America, Switzer seems to say, is in economic and social free-fall at the moment. The Republicans would have won, with or without the Tea Party. Buut winning with the Tea Party is likely to be a one way ticket to long term political irrelevance.

Words © 2010 Irfan Yusuf


Monday, November 01, 2010

COMMENT: Why David Hicks matters ...


I've just started reading David Hicks' memoirs. I'm upto the part where he travels to Pakistan and spends time with the Tabligh Jamaat, an international Muslim missionary effort founded in India during the early 1940's. So many young Muslims have been with the TJ at some stage or other, myself included.

Hicks has gove to Pakistan after spending some time with the Kosovo Liberation Army (KLA) who were fighting with the support of the United States and its NATO alies. Some fruitloops like to claim that the KLA was ome kind of al-Qaeda outfit. That's a bit like saying that the Vatican is a product of the Sydney Diocese of the Anglican Church.

Cynthia Banham reminds us in a column for the Sydney Morning Herald of why Hicks' memoirs are important. Here are some excerpts.

... Hicks's memoirs are an important development for our democracy.
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Why? The Howard and Rudd governments failed to investigate his allegations of abuse, mistreatment and torture while in US custody. Consequently, this is likely to be our only insight into what happened to him.


I haven't yet read Leigh Sales' book about Hicks so I can't confirm or deny this. Then again, I think Sales' book was published when Hicks was still at the gulag.

As a liberal democracy, the manner in which our government treats Australian citizens, or permits them to be treated by foreign states, in a time of war or national security crisis - or any time - should concern us.


It should concern us unless we are carried away by the hysteria of those who want us to ignore legal obligations and act on our emotions.

But Hicks pleaded guilty in a court, did he not? Certainly that was John Howard's line before two shoes were thrown in his direction in an ABC studio. And what kind of court was it?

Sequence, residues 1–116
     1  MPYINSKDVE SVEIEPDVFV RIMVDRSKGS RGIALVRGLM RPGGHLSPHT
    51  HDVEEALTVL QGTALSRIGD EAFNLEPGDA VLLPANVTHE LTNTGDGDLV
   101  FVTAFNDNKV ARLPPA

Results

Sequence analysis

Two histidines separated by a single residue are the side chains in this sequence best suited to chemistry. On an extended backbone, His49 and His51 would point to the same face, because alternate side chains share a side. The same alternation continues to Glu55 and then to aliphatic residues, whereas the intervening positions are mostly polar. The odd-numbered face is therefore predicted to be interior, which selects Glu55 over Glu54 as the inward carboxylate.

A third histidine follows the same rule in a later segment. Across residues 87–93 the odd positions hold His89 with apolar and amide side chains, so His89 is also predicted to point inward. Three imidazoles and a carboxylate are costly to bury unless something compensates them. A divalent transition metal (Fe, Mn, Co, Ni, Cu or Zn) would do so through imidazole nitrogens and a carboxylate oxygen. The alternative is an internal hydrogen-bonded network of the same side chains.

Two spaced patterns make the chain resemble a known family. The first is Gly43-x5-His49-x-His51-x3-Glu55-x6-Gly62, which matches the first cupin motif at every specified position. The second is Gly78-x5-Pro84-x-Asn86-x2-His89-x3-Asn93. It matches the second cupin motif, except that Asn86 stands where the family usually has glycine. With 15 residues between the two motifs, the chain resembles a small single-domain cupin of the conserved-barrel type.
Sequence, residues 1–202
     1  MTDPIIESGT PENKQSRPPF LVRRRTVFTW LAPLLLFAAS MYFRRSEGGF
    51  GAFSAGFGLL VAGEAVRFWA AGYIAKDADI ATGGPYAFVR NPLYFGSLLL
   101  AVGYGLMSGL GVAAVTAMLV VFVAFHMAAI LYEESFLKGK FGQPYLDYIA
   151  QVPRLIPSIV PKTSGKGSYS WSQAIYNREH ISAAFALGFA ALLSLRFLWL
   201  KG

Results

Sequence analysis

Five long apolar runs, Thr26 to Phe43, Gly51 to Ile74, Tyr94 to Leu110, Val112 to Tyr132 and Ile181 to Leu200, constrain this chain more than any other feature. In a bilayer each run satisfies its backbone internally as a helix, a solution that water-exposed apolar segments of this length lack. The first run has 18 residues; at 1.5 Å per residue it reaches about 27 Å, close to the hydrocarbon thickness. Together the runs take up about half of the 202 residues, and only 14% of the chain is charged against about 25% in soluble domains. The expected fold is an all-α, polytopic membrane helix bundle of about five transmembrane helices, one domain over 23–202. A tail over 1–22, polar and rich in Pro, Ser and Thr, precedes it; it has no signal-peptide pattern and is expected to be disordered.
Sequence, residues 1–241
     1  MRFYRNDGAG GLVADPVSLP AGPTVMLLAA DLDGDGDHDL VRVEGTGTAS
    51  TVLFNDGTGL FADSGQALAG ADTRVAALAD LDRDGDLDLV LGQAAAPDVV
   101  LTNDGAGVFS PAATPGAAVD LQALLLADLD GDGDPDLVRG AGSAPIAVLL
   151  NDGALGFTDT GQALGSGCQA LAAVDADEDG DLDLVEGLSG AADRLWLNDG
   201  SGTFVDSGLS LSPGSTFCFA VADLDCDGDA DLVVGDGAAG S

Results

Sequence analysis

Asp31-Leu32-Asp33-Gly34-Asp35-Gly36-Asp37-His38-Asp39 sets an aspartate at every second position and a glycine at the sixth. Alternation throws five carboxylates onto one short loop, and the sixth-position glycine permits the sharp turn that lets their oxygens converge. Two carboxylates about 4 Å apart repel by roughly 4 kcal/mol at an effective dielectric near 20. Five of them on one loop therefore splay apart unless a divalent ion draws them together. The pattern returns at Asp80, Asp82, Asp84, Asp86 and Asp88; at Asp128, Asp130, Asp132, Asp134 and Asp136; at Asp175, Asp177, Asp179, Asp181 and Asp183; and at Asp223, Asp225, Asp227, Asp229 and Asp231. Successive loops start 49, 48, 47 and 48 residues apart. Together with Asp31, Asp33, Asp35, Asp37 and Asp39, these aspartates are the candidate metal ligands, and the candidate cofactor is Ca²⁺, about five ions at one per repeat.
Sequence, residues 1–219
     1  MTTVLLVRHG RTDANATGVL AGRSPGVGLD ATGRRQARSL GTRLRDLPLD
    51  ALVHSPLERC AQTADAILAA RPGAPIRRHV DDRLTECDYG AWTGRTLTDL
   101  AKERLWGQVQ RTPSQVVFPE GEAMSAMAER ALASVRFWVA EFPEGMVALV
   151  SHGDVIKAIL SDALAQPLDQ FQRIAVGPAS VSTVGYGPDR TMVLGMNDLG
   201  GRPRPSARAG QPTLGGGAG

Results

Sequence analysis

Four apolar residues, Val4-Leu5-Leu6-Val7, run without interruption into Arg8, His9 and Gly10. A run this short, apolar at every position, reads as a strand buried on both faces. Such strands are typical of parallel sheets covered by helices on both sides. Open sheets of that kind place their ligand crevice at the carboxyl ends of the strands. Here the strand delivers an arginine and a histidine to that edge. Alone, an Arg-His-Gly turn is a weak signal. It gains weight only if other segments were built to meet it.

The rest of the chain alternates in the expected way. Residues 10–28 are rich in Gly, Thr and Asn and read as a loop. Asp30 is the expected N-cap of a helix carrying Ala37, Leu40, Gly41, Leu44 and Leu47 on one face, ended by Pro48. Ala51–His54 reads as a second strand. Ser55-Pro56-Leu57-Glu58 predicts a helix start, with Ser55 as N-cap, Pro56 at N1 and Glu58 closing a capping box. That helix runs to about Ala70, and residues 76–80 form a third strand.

... Hicks never got a day in a court to consider his claims - a properly constituted court, which followed accepted rule-of-law procedures ... He was tried by a farcical military commission that the British refused to let its own citizens be subjected to, and that President Barack Obama has denounced as flawed.


The Skaf brothers, Ivan Milat and Martin Bryant had their days before a properly constituted court. Was Hicks ever found to have raped or murdered anyone?

Do yourself a favour and go out and read this book. It's written in such simple language that even Tim Blair might understand it.



Words © 2010 Irfan Yusuf

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OPINION: Cricket corruption exposes hypocrisy in Australian circles




I was watching Pakistani satellite TV at my parents' house in Sydney the other day when I saw an unusual character appear on the screen. He looked Pakistani. He dressed Pakistani. But he sounded like something straight out of Little Britain.

The young Londonistani told the Pakistani GEO cable news channel:

Dey should be sacked from da team and sent back to da motherland, innit.


Or something like that.

The GEO news crew back in the Lahore studios were clearly bemused by the passionate selfrighteousness of this and other Pakistani cricket fans in Pakistan and Britain responding to yet another match-fixing scandal involving Pakistani players and possibly officials. The sports presenter poked fun at the Pakistani team manager who had no trouble listening to the orders of his Pakistani administrators back home but had enormous trouble hearing the basic questions of international journalists in London.

But in a nation where cricket is perhaps the major religion, this is no laughing matter. Millions of Pakistanis witnessed their team suffer the biggest Test loss in its history.

And what made the loss even more humiliating was that it was at the hands of one of the world's weaker teams (England), a team that both Pakistani and Australian cricket fans have become accustomed to poking fun at.

Of course, it could never happen in Australian cricket. Certainly that's what cricket